# Interdisciplinary Applied Mathematics

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Inherent in these new technologies is the need to develop the fundamental science and engineering of small devices. Microdevices tend to behave differently from the objects we are used to handling in our daily life (Gad-el-Hak, 1999; Ho and Tai, 1998). The inertial forces, for example, tend to be quite small, and surface effects tend to dominate the behavior of these small systems. Friction, electrostatic forces, and viscous effects due to the surrounding air or liquid become increasingly important as the devices become smaller. In general, properties (p) that are a function of the area of interaction (A) decrease more slowly than properties that depend on the volume (V), as expressed by the “square-cube” law:

(1.1)

Pi(A)    L2    1

P2(V) * L’

where L is the characteristic dimension of the microdevice; a typical order of    magnitude    is    106    m2/m3.    Surface    tension    effects    are dominant    at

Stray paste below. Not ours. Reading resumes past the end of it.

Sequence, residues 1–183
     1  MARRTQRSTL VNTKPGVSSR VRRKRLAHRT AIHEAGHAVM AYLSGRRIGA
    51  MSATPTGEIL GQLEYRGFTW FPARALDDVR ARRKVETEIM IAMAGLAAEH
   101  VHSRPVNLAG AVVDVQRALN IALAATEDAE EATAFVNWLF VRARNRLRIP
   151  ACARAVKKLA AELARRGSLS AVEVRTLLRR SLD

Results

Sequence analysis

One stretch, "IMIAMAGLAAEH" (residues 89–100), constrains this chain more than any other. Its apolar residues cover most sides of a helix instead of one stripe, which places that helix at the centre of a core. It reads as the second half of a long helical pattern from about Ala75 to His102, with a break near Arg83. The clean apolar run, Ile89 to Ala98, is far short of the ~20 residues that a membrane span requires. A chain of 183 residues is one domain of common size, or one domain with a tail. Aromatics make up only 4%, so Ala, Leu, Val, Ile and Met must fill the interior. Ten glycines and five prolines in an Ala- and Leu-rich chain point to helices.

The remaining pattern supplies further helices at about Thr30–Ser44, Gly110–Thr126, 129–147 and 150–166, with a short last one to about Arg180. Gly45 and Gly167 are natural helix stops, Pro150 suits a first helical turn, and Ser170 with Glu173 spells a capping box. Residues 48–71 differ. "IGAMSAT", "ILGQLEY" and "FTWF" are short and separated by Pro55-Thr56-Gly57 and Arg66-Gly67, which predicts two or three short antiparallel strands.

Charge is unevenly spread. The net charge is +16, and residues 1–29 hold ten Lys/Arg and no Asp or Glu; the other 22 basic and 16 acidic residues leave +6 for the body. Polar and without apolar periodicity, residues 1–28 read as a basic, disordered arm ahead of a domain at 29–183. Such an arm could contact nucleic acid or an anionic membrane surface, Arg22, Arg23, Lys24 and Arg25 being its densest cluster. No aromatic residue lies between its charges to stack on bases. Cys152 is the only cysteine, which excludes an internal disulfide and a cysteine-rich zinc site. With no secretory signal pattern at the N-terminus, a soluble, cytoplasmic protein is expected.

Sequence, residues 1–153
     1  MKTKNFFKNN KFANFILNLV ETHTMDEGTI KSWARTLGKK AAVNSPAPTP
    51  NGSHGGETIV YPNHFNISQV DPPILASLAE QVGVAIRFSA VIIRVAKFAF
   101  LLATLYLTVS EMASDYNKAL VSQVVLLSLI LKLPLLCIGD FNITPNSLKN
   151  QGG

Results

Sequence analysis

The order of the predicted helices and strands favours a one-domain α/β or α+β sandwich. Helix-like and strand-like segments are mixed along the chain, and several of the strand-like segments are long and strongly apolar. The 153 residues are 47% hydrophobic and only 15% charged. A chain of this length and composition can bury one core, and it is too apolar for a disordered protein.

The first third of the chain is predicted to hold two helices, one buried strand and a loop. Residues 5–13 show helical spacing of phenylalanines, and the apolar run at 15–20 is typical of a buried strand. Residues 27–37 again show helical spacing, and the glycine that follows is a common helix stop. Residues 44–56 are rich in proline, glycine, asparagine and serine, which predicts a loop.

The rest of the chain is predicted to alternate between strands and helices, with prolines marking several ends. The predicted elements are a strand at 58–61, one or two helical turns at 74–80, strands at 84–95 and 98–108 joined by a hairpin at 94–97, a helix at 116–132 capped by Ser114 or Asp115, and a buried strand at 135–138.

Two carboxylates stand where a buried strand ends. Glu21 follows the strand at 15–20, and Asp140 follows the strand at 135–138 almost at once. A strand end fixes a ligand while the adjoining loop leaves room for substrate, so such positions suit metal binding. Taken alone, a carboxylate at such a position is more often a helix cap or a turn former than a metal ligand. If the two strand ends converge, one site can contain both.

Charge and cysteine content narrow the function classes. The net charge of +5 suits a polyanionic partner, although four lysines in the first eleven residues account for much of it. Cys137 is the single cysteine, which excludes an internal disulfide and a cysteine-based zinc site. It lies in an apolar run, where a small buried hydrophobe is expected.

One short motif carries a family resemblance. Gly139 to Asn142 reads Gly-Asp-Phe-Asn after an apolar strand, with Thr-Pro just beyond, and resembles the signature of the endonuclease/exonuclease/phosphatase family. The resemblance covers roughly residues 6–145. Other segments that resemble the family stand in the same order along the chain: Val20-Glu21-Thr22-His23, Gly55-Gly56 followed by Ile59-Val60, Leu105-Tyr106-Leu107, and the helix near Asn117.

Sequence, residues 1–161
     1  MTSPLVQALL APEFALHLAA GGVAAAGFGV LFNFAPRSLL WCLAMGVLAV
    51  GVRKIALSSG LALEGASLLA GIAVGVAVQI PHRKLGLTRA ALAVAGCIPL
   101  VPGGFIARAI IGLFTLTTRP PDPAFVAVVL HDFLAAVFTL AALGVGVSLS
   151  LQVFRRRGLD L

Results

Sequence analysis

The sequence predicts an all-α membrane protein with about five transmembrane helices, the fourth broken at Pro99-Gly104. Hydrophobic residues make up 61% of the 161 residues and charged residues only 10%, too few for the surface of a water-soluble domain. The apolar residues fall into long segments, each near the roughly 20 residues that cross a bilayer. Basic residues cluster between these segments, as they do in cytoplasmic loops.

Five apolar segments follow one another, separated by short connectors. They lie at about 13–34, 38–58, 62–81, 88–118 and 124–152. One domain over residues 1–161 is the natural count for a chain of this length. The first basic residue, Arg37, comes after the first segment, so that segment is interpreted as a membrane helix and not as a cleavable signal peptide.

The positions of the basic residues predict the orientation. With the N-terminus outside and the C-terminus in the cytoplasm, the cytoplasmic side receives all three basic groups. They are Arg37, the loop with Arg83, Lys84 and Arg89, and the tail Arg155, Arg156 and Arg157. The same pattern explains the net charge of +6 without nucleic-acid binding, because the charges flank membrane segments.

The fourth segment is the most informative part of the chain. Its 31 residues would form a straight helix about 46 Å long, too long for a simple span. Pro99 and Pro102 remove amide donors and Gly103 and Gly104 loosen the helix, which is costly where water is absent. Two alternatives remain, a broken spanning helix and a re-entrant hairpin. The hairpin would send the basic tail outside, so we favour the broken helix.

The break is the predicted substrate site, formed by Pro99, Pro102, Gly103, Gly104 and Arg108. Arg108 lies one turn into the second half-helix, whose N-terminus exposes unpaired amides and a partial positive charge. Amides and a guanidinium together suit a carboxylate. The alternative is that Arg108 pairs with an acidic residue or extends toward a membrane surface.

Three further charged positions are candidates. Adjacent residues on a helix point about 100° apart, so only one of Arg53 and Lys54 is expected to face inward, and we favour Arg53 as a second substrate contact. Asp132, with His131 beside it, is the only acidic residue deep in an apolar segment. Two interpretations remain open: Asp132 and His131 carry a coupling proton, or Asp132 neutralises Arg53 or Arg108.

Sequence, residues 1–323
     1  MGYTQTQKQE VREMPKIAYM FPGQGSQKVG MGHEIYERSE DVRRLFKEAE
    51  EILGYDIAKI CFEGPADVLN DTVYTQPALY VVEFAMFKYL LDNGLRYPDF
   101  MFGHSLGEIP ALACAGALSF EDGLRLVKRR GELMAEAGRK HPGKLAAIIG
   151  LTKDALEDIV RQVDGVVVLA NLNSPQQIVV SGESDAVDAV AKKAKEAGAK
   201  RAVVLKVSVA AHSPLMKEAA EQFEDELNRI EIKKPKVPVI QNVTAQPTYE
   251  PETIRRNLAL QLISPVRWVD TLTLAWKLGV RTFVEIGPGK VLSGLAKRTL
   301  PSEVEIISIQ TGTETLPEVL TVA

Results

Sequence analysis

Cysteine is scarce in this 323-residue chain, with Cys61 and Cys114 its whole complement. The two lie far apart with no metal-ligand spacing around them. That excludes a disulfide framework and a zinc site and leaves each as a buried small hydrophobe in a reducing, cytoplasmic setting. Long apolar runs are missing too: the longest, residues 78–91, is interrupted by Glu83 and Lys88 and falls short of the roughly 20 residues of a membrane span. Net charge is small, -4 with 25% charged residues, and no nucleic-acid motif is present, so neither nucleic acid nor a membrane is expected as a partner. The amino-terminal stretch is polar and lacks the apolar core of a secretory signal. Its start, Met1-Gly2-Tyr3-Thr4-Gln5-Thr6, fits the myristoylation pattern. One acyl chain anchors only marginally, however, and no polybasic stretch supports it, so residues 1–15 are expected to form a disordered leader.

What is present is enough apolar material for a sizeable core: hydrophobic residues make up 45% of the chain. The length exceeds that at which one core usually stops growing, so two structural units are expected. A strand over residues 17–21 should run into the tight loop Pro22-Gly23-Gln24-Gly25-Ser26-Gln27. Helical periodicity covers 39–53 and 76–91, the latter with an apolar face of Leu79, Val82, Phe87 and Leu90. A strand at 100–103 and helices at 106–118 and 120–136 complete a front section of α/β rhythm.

these scales, and micropumps and microvalves have been fabricated taking advantage of this principle (Evans et al., 1997).

Typical early applications can be found in the micro- and nanoscale design of computer components such as the Winchester-type hard disk drive mechanism, where the read/write head floats 50 nm above the surface of the spinning platter (Tagawa, 1993). The head and platter together with the air layer in between form a slider bearing. The typical operating conditions correspond to low values of both Reynolds and Mach number, e.g., less than 0.6 and 0.3, respectively. The corresponding Knudsen number, which expresses the relative size of the mean free path to the size of the microflow domain, is relatively large. It is expected to increase further for the next generation of devices, since the smaller the gap between the spinning platter and the read/write head, the greater the recording capacity.

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